Staff Publications

Staff Publications

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    'Staff publications' is the digital repository of Wageningen University & Research

    'Staff publications' contains references to publications authored by Wageningen University staff from 1976 onward.

    Publications authored by the staff of the Research Institutes are available from 1995 onwards.

    Full text documents are added when available. The database is updated daily and currently holds about 240,000 items, of which 72,000 in open access.

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Record number 441259
Title Growth inhibition and colony formation in the cyanobacterium Microcystis aeruginosa induced by the cyanobacterium Cylindrospermopsis raciborskii
Author(s) Mello, M.M.; Soares, M.C.S.; Roland, F.; Lürling, M.F.L.L.W.
Source Journal of Plankton Research 34 (2012)11. - ISSN 0142-7873 - p. 987 - 994.
DOI https://doi.org/10.1093/plankt/fbs056
Department(s) Aquatic Ecology and Water Quality Management
WIMEK
Publication type Refereed Article in a scientific journal
Publication year 2012
Keyword(s) alga scenedesmus-obliquus - morphological-changes - seasonal succession - phytoplankton - water - lake - blooms - zooplankton - allelopathy - reservoirs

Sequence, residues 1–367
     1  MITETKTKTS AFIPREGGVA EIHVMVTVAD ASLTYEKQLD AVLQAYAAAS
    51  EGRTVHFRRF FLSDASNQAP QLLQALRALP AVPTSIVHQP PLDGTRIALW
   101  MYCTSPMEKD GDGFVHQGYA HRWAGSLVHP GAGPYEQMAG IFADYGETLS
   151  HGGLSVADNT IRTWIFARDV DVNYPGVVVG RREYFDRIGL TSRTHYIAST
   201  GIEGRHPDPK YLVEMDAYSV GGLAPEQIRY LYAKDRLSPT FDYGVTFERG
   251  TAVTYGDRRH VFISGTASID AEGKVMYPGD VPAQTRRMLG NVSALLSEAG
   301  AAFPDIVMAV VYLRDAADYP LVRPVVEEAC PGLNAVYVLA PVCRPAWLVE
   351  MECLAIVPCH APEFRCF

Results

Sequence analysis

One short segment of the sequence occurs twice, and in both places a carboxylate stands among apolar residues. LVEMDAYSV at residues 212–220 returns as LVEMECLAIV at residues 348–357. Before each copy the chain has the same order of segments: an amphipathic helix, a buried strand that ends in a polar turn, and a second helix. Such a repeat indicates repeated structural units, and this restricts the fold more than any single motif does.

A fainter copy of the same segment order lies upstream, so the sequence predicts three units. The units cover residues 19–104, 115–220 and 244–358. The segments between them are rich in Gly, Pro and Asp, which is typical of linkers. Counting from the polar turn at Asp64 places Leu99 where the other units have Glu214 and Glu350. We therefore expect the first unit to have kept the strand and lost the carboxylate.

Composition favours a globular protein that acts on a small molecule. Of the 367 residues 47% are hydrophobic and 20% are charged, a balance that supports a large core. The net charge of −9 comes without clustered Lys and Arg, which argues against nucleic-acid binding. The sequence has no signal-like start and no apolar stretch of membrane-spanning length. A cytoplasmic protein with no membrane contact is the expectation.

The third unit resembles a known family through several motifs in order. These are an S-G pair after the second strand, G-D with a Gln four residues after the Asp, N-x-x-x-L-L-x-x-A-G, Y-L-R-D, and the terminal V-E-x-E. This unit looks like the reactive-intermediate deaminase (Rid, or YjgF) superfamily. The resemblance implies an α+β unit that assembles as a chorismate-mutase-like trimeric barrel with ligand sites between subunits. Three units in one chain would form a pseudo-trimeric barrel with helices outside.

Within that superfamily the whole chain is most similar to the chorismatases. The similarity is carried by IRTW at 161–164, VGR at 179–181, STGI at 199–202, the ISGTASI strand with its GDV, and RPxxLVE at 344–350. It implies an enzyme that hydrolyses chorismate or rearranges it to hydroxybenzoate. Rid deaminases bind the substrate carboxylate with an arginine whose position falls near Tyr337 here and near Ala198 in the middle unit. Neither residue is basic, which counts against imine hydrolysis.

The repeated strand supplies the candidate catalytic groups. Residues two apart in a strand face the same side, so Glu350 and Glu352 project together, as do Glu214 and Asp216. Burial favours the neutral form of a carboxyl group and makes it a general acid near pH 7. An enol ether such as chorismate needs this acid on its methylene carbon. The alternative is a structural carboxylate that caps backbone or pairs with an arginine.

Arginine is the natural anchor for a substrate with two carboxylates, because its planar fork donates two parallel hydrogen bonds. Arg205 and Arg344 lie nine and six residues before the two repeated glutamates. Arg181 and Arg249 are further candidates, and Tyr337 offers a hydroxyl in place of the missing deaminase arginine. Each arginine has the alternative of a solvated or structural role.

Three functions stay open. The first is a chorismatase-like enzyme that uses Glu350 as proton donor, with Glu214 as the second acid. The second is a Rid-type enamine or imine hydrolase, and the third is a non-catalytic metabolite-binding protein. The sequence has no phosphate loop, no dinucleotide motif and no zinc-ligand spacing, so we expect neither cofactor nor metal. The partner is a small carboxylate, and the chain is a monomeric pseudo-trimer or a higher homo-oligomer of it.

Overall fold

Abstract In a tropical reservoir, the cyanobacteria Microcystis aeruginosa and Cylindrospermopsis raciborskii are the dominant species, with changes in dominance throughout the year. Since allelopathy has been suggested as a factor that could promote or stabilize harmful algal blooms, we investigated potential allelopathic effects of C. raciborskii on M. aeruginosa. Microcystis aeruginosa was exposed to exudates of a C. raciborskii monoculture and exudates of mixed cultures of both species. Significant growth inhibition of M. aeruginosa was observed only when it was exposed to exudates from the mixed culture with high proportion of C. raciborskii. This result suggests that the production of growth inhibitors seems to depend on stress (competition) and on the density of the producer species. In contrast to the control, M. aeruginosa formed colonies when exposed to filtrates of mixed cultures. As far as we know, this is the first report on colony induction resulting from the interaction between cyanobacteria. Our results suggest that compounds produced by C. raciborskii may induce defense mechanisms in M. aeruginosa. Our results also indicate specificity in this interaction, since another strain of M. aeruginosa showed different responses.
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